I would love to try some of the big Abel Gance epics such as 'J'Accuse,' 'La Roue,' or even 'Napoleon.' I've never done any of the silent Hitchcock films and I think those would be interesting. Also, I have yet to tackle several of the big Griffith epics, including 'Intolerance' and 'Broken Blossoms,' but I'm looking forward to doing them because the Griffith films seem to match my approach and my kind of music. 'The Birth of a Nation,' while regrettably racist, really comes to life with a score that works to support Griffith's story-telling. There are other more obscure features, such as 'The Johnstown Flood' (1926) and 'The Great K & A Train Robbery' (1926) that I'd like to do -- really, any railroad-themed film, let me at it. I love the big Biblical epics, too; I've yet to do the original 'Ten Commandments' (1923), but I will get a chance to do music for the epic (and weird) part-talkie 'Noah's Ark' (1928) for screenings around Easter 2012.
9) Why are silent films important to you?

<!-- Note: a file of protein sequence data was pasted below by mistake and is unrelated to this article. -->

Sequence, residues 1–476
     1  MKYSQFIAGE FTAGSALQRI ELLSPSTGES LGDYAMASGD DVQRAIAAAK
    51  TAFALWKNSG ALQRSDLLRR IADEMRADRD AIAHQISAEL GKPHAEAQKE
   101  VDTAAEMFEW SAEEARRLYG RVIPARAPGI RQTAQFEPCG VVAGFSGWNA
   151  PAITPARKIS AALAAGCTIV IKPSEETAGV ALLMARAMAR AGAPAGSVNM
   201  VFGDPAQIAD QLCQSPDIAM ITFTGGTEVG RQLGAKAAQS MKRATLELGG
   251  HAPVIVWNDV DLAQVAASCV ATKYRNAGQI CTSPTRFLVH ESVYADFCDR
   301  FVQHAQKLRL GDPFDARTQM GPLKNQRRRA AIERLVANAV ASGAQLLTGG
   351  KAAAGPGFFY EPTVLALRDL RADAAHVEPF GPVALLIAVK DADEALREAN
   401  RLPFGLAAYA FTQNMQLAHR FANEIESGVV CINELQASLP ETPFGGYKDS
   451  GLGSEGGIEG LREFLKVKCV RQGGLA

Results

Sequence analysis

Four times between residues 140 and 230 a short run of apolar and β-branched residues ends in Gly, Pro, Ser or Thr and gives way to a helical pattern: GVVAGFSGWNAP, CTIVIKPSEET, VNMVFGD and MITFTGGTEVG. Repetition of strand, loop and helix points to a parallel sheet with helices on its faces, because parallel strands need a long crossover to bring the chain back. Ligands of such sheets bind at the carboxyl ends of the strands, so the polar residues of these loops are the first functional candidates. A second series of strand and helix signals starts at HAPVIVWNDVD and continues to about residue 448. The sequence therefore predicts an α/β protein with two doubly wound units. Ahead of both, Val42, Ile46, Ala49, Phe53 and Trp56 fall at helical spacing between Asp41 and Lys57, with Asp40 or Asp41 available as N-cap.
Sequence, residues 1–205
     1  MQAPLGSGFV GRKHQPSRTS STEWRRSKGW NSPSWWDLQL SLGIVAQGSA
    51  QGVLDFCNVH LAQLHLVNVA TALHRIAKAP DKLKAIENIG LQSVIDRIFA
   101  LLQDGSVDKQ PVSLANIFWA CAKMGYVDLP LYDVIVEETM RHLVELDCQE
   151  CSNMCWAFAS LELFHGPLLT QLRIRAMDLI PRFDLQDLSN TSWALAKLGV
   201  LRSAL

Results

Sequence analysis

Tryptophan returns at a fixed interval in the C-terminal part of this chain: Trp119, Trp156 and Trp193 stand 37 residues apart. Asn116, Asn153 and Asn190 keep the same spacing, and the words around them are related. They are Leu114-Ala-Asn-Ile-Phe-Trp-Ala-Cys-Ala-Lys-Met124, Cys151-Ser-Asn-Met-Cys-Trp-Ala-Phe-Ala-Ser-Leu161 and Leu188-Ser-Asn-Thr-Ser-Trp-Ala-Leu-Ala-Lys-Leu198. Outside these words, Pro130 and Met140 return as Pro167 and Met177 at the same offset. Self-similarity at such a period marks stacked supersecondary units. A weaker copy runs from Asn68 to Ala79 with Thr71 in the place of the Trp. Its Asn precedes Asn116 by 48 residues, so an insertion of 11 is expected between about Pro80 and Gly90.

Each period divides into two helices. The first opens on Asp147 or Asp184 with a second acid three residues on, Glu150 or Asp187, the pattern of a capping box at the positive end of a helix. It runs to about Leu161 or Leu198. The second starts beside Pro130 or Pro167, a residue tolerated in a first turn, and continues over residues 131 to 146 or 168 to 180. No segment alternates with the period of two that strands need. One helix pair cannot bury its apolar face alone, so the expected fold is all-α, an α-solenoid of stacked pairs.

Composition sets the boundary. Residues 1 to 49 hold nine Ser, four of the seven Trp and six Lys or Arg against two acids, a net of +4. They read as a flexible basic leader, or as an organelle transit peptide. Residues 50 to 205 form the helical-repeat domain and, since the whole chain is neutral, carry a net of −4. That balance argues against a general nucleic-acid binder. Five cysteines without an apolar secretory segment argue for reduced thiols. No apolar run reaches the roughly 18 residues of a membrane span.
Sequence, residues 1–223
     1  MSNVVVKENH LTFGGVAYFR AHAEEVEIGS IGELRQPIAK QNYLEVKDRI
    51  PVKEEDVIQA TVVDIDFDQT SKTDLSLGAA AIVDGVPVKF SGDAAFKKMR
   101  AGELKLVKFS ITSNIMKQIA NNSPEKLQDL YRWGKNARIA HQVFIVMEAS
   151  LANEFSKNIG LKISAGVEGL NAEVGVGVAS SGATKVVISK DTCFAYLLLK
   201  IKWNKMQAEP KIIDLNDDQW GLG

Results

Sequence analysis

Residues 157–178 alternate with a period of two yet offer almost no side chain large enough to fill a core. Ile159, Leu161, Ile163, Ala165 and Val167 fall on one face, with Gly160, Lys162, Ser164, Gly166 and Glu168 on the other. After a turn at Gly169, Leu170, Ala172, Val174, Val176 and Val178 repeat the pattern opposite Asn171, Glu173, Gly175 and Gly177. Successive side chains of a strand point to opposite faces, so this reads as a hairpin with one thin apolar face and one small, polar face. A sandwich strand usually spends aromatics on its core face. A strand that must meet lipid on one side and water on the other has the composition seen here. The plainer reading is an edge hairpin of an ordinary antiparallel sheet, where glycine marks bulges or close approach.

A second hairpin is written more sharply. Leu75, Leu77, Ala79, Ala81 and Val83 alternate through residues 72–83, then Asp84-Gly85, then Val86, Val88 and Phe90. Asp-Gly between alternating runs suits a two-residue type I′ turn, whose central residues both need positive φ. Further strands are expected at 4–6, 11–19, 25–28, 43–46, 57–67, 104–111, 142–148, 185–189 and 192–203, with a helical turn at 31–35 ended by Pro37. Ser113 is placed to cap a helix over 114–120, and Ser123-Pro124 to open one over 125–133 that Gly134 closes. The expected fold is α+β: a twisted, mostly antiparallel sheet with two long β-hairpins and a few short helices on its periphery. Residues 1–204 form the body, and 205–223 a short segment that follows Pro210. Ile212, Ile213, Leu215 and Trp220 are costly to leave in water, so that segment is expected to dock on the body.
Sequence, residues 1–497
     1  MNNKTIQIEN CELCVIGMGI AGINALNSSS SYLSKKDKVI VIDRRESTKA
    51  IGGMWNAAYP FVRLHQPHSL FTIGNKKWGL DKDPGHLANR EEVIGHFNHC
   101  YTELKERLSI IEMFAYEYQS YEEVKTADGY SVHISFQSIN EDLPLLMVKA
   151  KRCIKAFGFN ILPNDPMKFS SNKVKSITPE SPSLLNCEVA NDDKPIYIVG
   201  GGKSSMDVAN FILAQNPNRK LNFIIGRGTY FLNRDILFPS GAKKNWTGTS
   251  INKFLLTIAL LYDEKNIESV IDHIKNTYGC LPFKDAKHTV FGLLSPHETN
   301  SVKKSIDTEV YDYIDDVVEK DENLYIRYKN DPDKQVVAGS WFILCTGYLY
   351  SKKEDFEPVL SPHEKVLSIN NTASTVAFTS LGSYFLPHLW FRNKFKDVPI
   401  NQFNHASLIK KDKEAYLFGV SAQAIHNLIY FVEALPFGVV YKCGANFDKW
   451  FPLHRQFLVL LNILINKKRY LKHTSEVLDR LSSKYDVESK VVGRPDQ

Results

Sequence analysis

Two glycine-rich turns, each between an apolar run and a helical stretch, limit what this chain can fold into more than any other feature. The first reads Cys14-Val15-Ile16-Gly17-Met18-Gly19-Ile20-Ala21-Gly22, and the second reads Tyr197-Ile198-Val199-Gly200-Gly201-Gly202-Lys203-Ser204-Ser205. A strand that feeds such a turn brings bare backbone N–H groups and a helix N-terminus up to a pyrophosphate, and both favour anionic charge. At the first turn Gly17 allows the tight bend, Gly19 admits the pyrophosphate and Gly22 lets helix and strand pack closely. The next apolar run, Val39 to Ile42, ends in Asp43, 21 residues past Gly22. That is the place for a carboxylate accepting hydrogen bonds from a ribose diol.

First, I think they're a neglected and misunderstood art form that still contains a lot of expressive power if the right conditions are present: good prints, the big screen, live music, and an audience. For me personally, silent films tell stories and depict life in a way that I really respond to, and my efforts to create music for them and screen them stems from a desire to share this experience with others, I think. To me, it's amazing artistic accident that the technical limit of no synchronized soundtrack caused filmmakers to tell stories in a way that turned out to be so universal. And so they have a kind of timelessness woven into them, meaning they can still produce a strong impact all this time later. They're really a different art form than motion pictures today: not that they're more primitive, but they're different in terms of how stories were told and how a viewer contributes his or her own voices and bonds with characters (either consciously or unconsciously), thus personalizing the experience, and how the variable of live music can keep the films fresh and bridge the gap between the time of their making and a contemporary screening. To me, the idea of supplying music to enhance the experience of a film is a remarkable creative opportunity, as long as the goal is to respect the integrity of the film's vision. So I sometimes joke that I've finally found my niche: collaborating with dead people! Also, with the passage of time, even the most ordinary of silent films have another level of interest now, in that they depict so much about life that's changed since they were made. We just screened 'Tol'able David' (1921), which was filmed in rural Virginia, and in the film it looks as if life hadn't changed much since Colonial days! No automobiles, no electricity, no iPads. By watching silent films, it's possible to get a sense of what's transient and what's timeless about your own life and times, and I find it deeply rewarding to experience this myself and to share the experience with others.